It is recommended that a fractional factorial be performed to study the main effects. Variables that do not have a significant effect on critical part dimensions can be eliminated by performing the fractional factorial first. Significant variables for a full factorial experiment are determined from the fractional factorial, eliminating guesswork. The information from the full factorial as well as the fractional factorial analysis can then be used to perform Statistical Process Control (SPC).
Fractional Factorial Description:
This step should be performed when it is not clear which variables will effect key dimensions and attributes of the part. In some cases, it may be necessary to perform the fractional factorial DOE to determine the main effects for the aesthetics of the part. This will ensure that a full factorial DOX for the critical dimensions can be run while achieving aesthetically pleasing parts. The fractional factorial is to be used as a screening devise for identifying significant processing variables and not for process optimization.

Caution: The fractional factorial will not determine interaction effects.

All the steps during the procedure that involve intimate contact with the injection molding machine are to be done by a qualified injection molding machine operator.

Fractional Factorial Procedure:

1. The multi-cavity analysis has been successfully completed, i.e., there is no difference between cavities on the critical part dimensions.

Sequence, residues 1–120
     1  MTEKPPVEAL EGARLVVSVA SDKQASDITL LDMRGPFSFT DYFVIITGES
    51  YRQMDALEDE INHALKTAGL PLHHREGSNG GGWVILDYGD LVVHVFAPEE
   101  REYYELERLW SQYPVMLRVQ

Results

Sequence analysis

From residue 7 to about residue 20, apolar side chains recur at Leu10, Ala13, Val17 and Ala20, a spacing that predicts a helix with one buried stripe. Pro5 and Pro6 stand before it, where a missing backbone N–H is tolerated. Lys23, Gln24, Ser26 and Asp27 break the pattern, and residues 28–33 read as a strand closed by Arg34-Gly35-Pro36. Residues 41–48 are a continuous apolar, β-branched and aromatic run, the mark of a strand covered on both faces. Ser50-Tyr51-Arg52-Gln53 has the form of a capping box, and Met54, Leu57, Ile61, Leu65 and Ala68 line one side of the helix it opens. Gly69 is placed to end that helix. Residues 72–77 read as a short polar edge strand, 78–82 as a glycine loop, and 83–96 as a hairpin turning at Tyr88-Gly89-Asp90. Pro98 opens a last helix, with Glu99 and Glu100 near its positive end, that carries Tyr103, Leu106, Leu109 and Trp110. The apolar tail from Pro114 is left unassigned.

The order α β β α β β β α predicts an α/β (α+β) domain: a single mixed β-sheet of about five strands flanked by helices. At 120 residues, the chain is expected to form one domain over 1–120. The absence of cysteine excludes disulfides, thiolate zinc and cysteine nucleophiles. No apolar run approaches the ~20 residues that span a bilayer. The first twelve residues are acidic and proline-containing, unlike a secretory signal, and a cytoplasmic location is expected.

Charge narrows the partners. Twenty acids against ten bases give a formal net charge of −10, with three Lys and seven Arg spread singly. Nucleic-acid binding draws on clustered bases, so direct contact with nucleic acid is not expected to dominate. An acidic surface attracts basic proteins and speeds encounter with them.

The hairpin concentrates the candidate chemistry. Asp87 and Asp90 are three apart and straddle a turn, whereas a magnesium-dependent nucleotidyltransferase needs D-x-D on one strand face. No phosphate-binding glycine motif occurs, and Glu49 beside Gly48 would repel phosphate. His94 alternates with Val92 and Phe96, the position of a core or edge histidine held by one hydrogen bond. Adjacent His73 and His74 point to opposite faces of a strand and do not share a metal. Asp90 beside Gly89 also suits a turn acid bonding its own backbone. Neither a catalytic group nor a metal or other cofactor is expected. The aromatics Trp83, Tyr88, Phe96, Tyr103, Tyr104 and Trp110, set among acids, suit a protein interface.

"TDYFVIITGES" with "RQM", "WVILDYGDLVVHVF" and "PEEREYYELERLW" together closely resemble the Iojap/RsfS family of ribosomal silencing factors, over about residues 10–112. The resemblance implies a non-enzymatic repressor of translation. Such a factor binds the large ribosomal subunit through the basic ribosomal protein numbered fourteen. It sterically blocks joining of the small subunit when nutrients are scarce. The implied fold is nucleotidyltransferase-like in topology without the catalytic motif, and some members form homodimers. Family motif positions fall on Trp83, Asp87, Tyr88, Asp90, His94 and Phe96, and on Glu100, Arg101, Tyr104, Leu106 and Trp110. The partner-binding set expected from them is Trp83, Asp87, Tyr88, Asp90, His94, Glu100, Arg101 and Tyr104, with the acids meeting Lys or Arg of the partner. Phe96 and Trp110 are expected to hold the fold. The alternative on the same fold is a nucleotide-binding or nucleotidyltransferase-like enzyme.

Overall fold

2. Set up fractional factorial experiment to include all significant molding variables.
3. Typical mold process variables to include in DOX are:
Melt Temperature, Hold Pressure, Hold Time, Cooling Time, Mold Coolant Temperature, Cavity Pressure at Injection Cutoff, Peak Cavity Pressure (Packing), Screw Speed, Back Pressure.
4. Test extreme conditions (corners) of the DOE to verify you are within the molds processing window.
5. If a test "Fractures" then stop the DOX and rerun the experiments with acceptable degrees of variation for each factor.
6. For each change in processing conditions, allow time for system to equilibrate for changes in machine set up. For example, changes in mold temperature may require the mold running for 1 hour before it reaches steady state conditions.
7. Collect 5 shots for each process conditions. Attach a process set-up sheet and test code to samples.
· For each destructive test method, collect one additional shot.
8. Condition parts for 24 hours at 23C (73.4F) and a relative humidity of 50% with a standard tolerance of 2.0C (3.6F) and 5% relative humidity, respectively, for 2 days.
9. Measure and record all key attributes for one cavity, representative of the mold (see multi cavity analysis).